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Remember that problematic matric exam maths question? ‘Valuable lessons’ learnt, says Umalusi

Remember that problematic matric exam maths question? ‘Valuable lessons’ learnt, says Umalusi
Students at Brackenfell High School, Cape Town begin the annual National Senior Certificate Examinations on 31 October 2022. (Photo: Gallo Images / Die Burger / Jaco Marais)

Wondering what happened with the unsolvable maths problem and other dodgy questions from last year’s NSC matric exams? Well, this week Umalusi confirmed it had consulted with the relevant assessment bodies to apply for marking concessions. It asked for the questions to be excluded entirely or partially from the exam papers — and said some concessions had been granted.

In addition to the challenges presented by writing exams amid rolling blackouts, the matric class of 2022 had to manoeuvre around what Umalusi described as “problematic” questions in the following subjects:

  • Mathematics paper 2;
  • Sepedi language paper 2;
  • Maths literacy paper 2;
  • History paper 2; and
  • English paper.

These exam papers had questions that were either incorrect or had specific details missing, which meant pupils could not answer them.

On Monday, Umalusi — which sets and monitors education standards — confirmed that it had consulted with the relevant assessment bodies to apply for marking concessions with regard to the problematic questions.

Umalusi CEO Dr Mafu Ramoketsi said they had asked for the questions to be excluded entirely or partially from the question papers, and that some of the concessions had been granted. 

trig question

The ‘impossible’ seven-mark question in the matric maths exam paper.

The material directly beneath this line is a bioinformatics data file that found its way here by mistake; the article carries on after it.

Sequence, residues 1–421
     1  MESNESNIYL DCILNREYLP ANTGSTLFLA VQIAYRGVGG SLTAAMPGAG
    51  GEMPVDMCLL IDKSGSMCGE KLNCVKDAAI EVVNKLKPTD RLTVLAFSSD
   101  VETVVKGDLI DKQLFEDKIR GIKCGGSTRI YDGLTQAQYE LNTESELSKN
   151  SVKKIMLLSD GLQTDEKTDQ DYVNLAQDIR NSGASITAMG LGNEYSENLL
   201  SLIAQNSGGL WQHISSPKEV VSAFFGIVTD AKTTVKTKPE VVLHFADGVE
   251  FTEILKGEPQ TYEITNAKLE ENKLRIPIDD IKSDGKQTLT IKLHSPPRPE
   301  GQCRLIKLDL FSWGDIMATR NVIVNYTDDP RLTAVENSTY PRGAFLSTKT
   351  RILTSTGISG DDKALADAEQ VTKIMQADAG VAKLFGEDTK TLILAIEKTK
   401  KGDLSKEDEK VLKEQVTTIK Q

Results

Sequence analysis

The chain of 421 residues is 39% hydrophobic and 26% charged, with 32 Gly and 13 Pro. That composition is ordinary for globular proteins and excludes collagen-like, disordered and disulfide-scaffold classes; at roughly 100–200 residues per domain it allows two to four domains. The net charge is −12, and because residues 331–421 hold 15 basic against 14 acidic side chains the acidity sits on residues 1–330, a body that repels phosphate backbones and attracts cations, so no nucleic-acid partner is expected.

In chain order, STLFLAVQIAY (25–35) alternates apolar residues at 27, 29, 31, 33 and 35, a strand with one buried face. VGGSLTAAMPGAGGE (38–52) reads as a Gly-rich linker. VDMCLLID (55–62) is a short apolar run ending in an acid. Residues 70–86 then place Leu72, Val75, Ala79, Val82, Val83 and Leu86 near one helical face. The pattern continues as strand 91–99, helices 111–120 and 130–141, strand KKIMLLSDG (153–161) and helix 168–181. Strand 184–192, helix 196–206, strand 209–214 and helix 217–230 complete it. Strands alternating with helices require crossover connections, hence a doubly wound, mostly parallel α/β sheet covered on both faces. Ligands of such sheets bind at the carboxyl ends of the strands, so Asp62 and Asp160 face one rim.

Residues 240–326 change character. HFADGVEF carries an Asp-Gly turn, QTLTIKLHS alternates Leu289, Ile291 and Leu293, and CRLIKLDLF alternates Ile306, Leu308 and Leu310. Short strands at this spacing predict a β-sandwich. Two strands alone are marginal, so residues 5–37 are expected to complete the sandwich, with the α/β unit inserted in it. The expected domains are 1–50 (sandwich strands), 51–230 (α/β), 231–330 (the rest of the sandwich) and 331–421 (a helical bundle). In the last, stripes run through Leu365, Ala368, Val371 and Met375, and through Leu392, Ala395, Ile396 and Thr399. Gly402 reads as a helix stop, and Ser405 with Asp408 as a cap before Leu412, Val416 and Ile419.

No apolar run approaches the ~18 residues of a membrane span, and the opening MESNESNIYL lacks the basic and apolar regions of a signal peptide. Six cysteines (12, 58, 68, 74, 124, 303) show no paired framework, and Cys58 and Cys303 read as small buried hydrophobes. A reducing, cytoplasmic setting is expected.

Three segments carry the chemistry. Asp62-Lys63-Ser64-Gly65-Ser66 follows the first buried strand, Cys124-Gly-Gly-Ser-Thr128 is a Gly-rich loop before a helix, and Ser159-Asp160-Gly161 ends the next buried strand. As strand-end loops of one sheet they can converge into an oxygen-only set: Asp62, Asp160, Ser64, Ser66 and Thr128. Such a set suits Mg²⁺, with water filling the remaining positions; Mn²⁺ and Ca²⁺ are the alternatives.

Daily Maverick has been reporting on the “impossible” trigonometry question in Mathematics paper, 2 written on 7 November. It was, therefore, important to inform our readers on the resolution adopted for the maths problem.

Read our previous reports on the problematic question here, here and here.

Visit Daily Maverick’s home page for more news, analysis and investigations

Ramoketsi said: “Regarding the impossible Maths paper 2 problem question 5.1 worth 7 marks, after consulting with various relevant bodies, the question was excluded from the paper such that the exam was marked and assessed out of 143 instead of 150 marks.”

Prof Yunus Ballim, chair of the Umalusi Council, told the media on Monday that Umalusi had appointed a three-person independent panel to investigate how the error might have crept in and remained undetected until the final question paper was administered by the Department of Basic Education (DBE) on 7 November.

“In terms of process, the panel audited four processes linked to the question paper, which are: the examination paper development process, external moderating process, editing and typesetting process, and proof-reading process.

“The panel evaluated the documents provided and interviewed the examiners, internal and external moderators, and language editors. Based on that, the finding of the panel is that the error in Mathematics paper 2 November 2022 occurred at the last step in the chain of internal and external moderation and language editing and typesetting processes.”

Ballim added that standardisation processes — the upward adjustment of the marks for students in mathematics — had dealt with the error in the mathematics paper.

“Umalusi and the DBE have derived valuable lessons from the panel’s work in terms of how to manage real or perceived errors in any question paper going forward.

“The lessons should be extended to the rest of the assessment bodies to strengthen the systems continuously,” he concluded. DM


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